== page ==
Ushering at Northminster used to be handled by a single person every Sunday.  Each Sunday morning this person arrived early, set up the tables and chairs on the patio, turned on the lights (and the furnace, if necessary), and pulled together a few volunteers to receive the offering during the service.

He had been doing this for a long time, until one day he came to me and said, “Markus, I think I need to take a break.”

Again, who could blame him?

And again, this put us in the position of having to redesign our ushering ministry.  Rather than relying on a single person, we designed a system—much like the children’s ministry—that relies on a lot of people.

Now our ushering ministry features a different head usher each week and teams of ushers who know well in advance on which Sundays they will be serving.  No more burnout.  No more fear that if someone steps down, the whole ministry will collapse.

It’s an Opportunity for Improvement

Here’s my point.  A person’s absence can be a powerful opportunity to improve!  Many other churches have experienced this reality:  when their pastor took a sabbatical, their church improved in the way they did ministry because they didn’t rely on that single person.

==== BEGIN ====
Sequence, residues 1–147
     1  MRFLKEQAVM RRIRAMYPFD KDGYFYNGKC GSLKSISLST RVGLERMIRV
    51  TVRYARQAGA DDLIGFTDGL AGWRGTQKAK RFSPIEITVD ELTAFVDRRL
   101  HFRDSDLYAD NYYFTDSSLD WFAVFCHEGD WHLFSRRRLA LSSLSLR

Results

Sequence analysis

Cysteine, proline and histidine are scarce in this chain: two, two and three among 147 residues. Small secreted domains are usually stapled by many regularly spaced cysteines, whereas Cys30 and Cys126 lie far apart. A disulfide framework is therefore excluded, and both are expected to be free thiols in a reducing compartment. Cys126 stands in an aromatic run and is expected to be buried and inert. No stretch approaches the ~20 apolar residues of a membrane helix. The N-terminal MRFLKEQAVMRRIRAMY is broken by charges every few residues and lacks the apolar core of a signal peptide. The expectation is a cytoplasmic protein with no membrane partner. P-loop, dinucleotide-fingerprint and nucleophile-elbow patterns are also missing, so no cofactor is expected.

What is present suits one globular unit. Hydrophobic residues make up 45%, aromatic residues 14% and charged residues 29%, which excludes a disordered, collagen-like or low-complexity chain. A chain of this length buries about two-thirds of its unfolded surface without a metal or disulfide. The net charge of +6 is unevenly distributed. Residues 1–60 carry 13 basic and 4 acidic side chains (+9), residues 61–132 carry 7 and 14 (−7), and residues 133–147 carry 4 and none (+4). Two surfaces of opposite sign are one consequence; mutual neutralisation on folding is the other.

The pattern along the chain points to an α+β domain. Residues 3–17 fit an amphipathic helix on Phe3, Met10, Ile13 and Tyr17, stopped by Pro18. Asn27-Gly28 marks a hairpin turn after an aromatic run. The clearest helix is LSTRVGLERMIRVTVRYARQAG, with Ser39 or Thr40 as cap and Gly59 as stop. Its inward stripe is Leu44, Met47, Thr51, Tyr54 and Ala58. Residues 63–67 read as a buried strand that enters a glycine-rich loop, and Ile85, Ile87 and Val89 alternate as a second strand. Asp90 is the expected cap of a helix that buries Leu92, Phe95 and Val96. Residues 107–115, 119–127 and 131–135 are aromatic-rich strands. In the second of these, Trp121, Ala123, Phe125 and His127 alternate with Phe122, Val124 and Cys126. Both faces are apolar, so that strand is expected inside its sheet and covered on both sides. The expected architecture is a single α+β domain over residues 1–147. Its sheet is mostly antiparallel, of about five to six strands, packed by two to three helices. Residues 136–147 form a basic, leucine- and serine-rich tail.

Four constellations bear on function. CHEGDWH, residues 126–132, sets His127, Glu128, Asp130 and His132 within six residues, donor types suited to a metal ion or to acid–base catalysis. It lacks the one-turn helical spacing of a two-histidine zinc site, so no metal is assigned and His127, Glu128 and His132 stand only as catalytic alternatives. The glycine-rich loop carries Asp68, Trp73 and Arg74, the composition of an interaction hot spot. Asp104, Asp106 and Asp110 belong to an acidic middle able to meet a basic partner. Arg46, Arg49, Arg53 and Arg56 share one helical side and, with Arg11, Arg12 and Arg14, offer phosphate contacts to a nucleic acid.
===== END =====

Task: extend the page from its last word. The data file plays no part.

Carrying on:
Believe it or not, many for-profit businesses are also discovering the benefits of offering their employees sabbaticals.  An article entitled, “What Can My Company Gain from a Sabbatical Program?” points out some of these benefits.  The benefits to companies include:

1.   More effective employees.  Here’s what the article states:

“Employees who take vacation come back with better focus and mental clarity. Sabbaticals provide that same benefit—exponentially. As such, sabbatical programs demonstrate a firm’s commitment to work-life balance and give senior managers the opportunity to demonstrate healthy habits. Sabbaticals provide the kind of experience education that broadens employee perspectives and fosters innovation. But it isn’t just new experiences that make a difference, sabbaticals give employees time to step back and clear their heads—something beneficial to any problem-solving situation.”